Speaking at the ceremony marking the 50th anniversary of the Selma to Montgomery marches last month, President Obama posed a question that captured why many continue to view him as hope personified, while others seem to see him as an existential threat. “What greater form of patriotism is there than the belief that America is not yet finished?” he asked.
“Not yet finished”: That’s the line that separates worship of the founders from belief in the unrealized potential of what they began; it divides those who are nostalgic for freedoms supposedly lost which now must be restored, from those who recognize that the freedoms enjoyed by some have always been partial, while the struggle continues to guarantee them for all.
In case anyone missed that first “not yet,” Obama offered it four more times before the Selma speech was done: “We know the march is not yet over. We know the race is not yet won … Fifty years from Bloody Sunday, our march is not yet finished, but we’re getting closer. Two hundred and thirty-nine years after this nation’s founding our union is not yet perfect, but we are getting closer.”
More than merely a well-crafted string of phrases on a significant occasion, the notion that the United States is “not yet perfect” may be the single most enduring theme of Obama’s political life.
The speech largely credited with saving his candidacy in 2008—itself called “A More Perfect Union”—relied on the rhetorical interplay of “perfect” as an adjective and “perfect” as a verb. “This union may never be perfect,” he said, “but generation after generation has shown that it can always be perfected.”
Given in response to the controversy surrounding his longtime pastor Jeremiah Wright, the speech addressed race especially as “a part of our union that we have yet to perfect.”
This was for him not only an assessment of history, but a profession of faith. “I have asserted a firm conviction—a conviction rooted in my faith in God and my faith in the American people,” he said, “that working together we can move beyond some of our old racial wounds, and that in fact we have no choice if we are to continue on the path of a more perfect union.”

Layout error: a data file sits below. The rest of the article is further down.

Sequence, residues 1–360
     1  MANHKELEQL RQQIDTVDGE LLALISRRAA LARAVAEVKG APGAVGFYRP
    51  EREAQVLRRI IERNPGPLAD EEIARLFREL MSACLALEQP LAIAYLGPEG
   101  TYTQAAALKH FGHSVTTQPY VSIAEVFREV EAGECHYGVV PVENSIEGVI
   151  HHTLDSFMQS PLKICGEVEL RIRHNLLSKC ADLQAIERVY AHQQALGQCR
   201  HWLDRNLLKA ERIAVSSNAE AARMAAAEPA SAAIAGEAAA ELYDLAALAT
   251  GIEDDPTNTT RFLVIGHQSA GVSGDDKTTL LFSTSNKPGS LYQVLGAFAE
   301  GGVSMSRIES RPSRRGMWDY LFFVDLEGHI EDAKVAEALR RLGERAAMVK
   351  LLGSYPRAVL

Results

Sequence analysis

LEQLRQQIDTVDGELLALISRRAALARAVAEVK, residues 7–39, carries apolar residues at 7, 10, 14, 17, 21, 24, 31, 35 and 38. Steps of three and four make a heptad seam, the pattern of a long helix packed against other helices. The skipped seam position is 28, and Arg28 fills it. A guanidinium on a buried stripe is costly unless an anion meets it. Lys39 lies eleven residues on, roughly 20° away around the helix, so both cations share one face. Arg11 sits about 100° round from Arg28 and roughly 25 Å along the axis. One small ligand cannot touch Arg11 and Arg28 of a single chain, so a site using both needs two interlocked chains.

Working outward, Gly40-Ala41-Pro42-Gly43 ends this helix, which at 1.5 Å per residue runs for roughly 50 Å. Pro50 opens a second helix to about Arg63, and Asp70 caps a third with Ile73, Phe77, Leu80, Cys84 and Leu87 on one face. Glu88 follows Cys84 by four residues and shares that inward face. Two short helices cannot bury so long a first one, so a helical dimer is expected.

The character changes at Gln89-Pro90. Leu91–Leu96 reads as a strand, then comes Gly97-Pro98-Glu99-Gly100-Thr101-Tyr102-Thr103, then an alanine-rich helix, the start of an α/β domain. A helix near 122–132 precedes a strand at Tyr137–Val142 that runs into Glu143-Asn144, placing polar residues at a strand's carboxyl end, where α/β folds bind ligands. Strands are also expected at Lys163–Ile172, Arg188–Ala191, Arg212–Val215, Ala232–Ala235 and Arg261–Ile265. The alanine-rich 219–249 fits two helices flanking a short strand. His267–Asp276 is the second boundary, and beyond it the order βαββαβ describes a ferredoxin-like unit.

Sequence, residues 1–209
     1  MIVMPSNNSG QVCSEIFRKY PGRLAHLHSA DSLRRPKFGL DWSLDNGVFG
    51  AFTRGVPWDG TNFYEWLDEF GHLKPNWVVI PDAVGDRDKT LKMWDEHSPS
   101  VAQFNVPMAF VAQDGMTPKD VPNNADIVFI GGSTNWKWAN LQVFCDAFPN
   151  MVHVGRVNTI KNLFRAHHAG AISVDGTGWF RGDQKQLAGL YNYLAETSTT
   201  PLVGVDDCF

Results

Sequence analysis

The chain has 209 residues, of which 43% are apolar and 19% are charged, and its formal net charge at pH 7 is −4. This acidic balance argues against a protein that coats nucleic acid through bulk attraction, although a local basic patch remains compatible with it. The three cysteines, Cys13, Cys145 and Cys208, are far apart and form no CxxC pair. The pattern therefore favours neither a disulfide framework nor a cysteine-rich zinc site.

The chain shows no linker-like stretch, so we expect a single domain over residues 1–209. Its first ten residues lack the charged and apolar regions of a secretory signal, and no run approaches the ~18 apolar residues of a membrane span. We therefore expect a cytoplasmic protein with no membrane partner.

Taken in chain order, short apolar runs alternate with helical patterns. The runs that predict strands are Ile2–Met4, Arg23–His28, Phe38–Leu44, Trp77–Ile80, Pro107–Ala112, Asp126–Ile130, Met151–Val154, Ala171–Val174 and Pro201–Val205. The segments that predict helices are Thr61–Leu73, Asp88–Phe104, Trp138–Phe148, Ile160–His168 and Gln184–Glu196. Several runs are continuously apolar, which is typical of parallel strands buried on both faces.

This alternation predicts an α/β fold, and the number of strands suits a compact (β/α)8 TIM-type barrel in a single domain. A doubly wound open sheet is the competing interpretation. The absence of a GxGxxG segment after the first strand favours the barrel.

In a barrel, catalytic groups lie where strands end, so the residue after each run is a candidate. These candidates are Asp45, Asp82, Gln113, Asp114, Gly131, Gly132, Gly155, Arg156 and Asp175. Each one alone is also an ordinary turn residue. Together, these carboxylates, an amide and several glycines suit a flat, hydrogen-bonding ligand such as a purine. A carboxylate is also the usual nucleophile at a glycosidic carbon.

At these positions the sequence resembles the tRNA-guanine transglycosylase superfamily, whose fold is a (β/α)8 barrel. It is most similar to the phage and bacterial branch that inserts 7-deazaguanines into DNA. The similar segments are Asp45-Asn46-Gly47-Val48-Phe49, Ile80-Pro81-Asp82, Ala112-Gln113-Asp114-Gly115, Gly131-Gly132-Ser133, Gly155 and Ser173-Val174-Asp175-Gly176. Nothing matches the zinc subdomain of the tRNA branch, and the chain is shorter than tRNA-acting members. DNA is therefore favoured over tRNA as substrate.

Many commentators have proposed that the president’s “A More Perfect Union” speech and his recent remarks in Selma are companion pieces. But they might be seen instead as reframings of the same simple yet subtly subversive idea that has repeatedly emerged for Obama at moments of crisis or reflection: While at no point in its history could the United States be described as perfect, he insists, it remains the responsibility of its citizens to attempt to perfect it. Hints that the word matters more to him as an act than a description were there even in his 2007 announcement that he would seek the presidency: “I want us to take up the unfinished business of perfecting our union, and building a better America.”
Given the number of times he has said the words, and all that those words say about his understanding of what the country has been and could be, there’s a case to be made that “Not Yet Perfect” might prove to be Obama’s “Shining City Upon a Hill.”
Of course, it is also the antithesis of everything Ronald Reagan intended whenever he used that more famous phrase. For Reagan, the biblical “city upon a hill,” which Governor John Winthrop entreated the settlers of Massachusetts to build, presented a scriptural vision of history as something to be emulated rather than overcome. And while the promise of “not yet perfect” is for Obama ultimately a matter of faith, Reagan’s “city” suggests a very different religious interpretation of the past. As he explained a moment before he first used the phrase, at Conservative Political Action Conference in 1974:
You can call it mysticism if you want to, but I have always believed that there was some divine plan that placed this great continent between two oceans to be sought out by those who were possessed of an abiding love of freedom and a special kind of courage … Call it chauvinistic, but our heritage does set us apart.
Reagan would go on to use his version of the “city upon a hill” at every major juncture in his public life, including three campaigns for the presidency, two administrations, and most significantly in the farewell address that marked his departure from the national stage. Describing his last week in the White House in January 1989, he closed his final remarks as president with an elaboration of his understanding of what Winthrop might have had in mind three and a half centuries before: